The North Korea dilemma, past and present

North Korea The Nuclear Pricetag
People wave flags and plastic flowers as a float with model missiles and rockets — and the words “For Peace and Stability in the World” — is paraded across Kim Il Sung Square in Pyongyang, North Korea, in April.

July 27 marks the 64th anniversary of the truce that ended fighting in Korea. What a bloody and unanticipated war, with more than 37,000 U.S. soldiers dying in three years. Yet most Americans know nothing about this war.

North Korea invaded the South in June, 1950. Seoul, the capital, exchanged hands five times in less than a year. The war was almost lost in the first three weeks — saved by a last-minute stand at the Pusan peninsula. Following the brilliant tactical invasion at Inchon, orchestrated by Gen. Douglas MacArthur, the American troops pushed the North Korean army to the Chinese border. Victory seemed assured.

But, according to David Halberstam in his classic book, The Coldest Winter, as brilliant as MacArthur’s invasion at Incheon was, his stubbornness, bravado, and outright racist views of the Chinese led to dark days for American fighting men.

Despite warnings by intelligence that Chinese troops were on the border, MacArthur ordered the thinly disbursed American troops to the Yalu River between Korea and China. In October, 1950, 270,000 Chinese soldiers crossed the border. For the next two months, the Chinese army pushed the American troops back to the 38th parallel, a “retreat” that included the famous Chosin Reservoir battle.

The First Marine Division, significantly outnumbered, fought its way in sub-zero weather out of the trap set by the enemy. The battle included the famous Marine Corps words: “Retreat Hell –we’re just attacking in another direction.”

And survive they did, bringing their dead, saving their equipment, and “retreating” with morale high — in the process killing and wounding 37,000 Chinese troops. Still, Chosen was a stunning defeat and some would argue the first from which the United States did not recover to win total victory.

One can understand the entire war by reading Halberstam’s book, but suffice to say the following events took place after Chosen: the firing of MacArthur by President Harry Truman; the courageous leadership of Gen. Matthew Ridgeway who restructured the American forces (and years later was praised by Colin Powell as the man to whom we owe a debt of gratitude for there even being a South Korea); the truce negotiation beginning in July, 1951; the long stalemate in fighting along the 38th parallel. Finally, negotiations culminated on July 27, 1953, encouraged with a veiled threat by President Dwight Eisenhower that he would use nuclear weapons.

And here we are again — but now it is North Korea threatening nuclear warfare. In a recent article in the Atlantic Monthly, “The Worse Problem on the Earth,” Mark Bowden, the former Inquirer reporter, indicates there are no good options. He examines four approaches: prevention, decapitation, turning the screws, and acceptance. There are serious problems with all — and none is full proof. Furthermore, former Defense Secretary Robert Gates, in a recent interview in the Wall Street Journal, echoed the same basic view but with more emphasis — “First: there are simply no good military options for attacking North Korea, the sheer destruction of an all-out war …takes that idea off the table; and second: China is the key no matter how you slice it.”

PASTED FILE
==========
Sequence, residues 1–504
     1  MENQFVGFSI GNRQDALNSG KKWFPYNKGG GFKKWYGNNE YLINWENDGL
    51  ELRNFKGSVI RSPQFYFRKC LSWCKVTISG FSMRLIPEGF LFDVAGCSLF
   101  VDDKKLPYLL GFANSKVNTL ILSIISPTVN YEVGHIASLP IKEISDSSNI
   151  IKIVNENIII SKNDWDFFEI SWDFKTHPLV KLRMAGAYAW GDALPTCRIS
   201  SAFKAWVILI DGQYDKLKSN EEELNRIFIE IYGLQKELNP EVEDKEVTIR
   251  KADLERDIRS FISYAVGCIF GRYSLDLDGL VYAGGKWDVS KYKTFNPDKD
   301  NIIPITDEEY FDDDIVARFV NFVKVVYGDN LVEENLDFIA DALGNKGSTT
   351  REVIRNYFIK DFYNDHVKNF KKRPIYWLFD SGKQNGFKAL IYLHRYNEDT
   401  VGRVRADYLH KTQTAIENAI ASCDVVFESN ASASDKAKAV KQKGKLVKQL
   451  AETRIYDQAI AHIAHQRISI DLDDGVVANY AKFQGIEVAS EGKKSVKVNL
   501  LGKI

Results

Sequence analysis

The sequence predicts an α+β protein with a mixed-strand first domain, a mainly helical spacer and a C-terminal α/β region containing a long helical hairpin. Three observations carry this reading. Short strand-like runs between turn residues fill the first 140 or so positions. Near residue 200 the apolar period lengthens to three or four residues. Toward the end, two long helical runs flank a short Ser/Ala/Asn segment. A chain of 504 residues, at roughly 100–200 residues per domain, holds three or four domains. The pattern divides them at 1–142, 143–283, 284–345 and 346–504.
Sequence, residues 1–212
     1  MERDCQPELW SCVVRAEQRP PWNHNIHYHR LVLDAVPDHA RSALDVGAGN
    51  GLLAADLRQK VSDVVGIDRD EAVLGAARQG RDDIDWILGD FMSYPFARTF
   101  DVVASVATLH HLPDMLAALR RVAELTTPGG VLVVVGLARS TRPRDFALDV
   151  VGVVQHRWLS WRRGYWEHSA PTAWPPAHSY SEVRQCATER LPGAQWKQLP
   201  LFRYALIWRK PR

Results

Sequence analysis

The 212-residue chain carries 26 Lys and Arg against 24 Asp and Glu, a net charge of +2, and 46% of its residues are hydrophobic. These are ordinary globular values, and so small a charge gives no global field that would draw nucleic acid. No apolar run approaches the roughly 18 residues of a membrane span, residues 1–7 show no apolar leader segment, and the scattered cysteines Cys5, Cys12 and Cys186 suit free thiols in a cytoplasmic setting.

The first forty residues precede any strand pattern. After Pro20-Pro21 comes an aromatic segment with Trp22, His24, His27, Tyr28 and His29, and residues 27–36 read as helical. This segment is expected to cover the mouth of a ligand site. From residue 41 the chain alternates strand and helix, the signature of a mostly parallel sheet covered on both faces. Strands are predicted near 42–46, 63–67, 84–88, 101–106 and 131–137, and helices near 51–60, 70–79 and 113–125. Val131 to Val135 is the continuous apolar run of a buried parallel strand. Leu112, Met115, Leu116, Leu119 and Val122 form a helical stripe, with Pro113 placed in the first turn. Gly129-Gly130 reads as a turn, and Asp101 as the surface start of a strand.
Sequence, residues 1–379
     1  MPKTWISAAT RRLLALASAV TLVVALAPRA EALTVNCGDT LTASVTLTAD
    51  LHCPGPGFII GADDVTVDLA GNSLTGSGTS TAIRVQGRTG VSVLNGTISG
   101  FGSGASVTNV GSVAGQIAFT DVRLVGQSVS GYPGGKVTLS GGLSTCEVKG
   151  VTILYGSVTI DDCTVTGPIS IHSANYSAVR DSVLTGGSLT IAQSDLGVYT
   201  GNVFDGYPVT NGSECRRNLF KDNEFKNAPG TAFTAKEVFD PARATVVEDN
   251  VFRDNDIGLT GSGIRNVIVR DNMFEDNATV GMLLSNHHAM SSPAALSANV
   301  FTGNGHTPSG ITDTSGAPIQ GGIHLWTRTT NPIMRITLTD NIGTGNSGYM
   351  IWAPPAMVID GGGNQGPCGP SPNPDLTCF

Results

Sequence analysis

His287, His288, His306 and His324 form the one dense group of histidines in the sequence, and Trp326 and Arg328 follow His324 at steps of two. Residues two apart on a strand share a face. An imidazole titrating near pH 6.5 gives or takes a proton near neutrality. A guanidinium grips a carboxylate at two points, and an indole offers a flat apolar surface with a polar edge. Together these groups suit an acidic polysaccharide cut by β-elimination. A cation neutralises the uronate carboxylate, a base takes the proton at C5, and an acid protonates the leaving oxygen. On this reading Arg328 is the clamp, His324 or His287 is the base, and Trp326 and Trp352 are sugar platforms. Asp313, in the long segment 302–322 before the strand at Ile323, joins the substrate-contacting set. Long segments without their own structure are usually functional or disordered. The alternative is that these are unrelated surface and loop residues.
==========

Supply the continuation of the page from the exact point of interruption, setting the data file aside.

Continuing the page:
His approach would deal with China first and make these proposals: The United States would recognize North Korea and forswear no regime change; sign a formal peace treaty with North Korea; and dramatically change the military structure and forces in South Korea. In return North Korea must freeze its nuclear program, and keep delivery systems to a very short range — all actions to be enforced by the international community and China. Gates argues that it would be a nonstarter for the North to give up their nuclear weapons entirely.

Gates also suggests that if China would not accept these proposals, the United States would take steps that Beijing wouldn’t like, such as heavily populating Asia with missile defense; declaring it would shoot down anything “that looks like a launch of an intercontinental missile … and take whatever means to contain the regime.” Gates argues that the United States could take these steps in the absence of a negotiated settlement.

Gates offers gives and takes for both sides. And certainly nothing else has worked. But one thing is clear: We need to be aggressive now in pursuing a solution.

Richard F. Keevey is a former deputy undersecretary of defense  and is currently a senior policy fellow at the School of Planning and Policy at Rutgers University and a lecturer at Princeton University’s Woodrow Wilson School. rkeevey@princeton.edu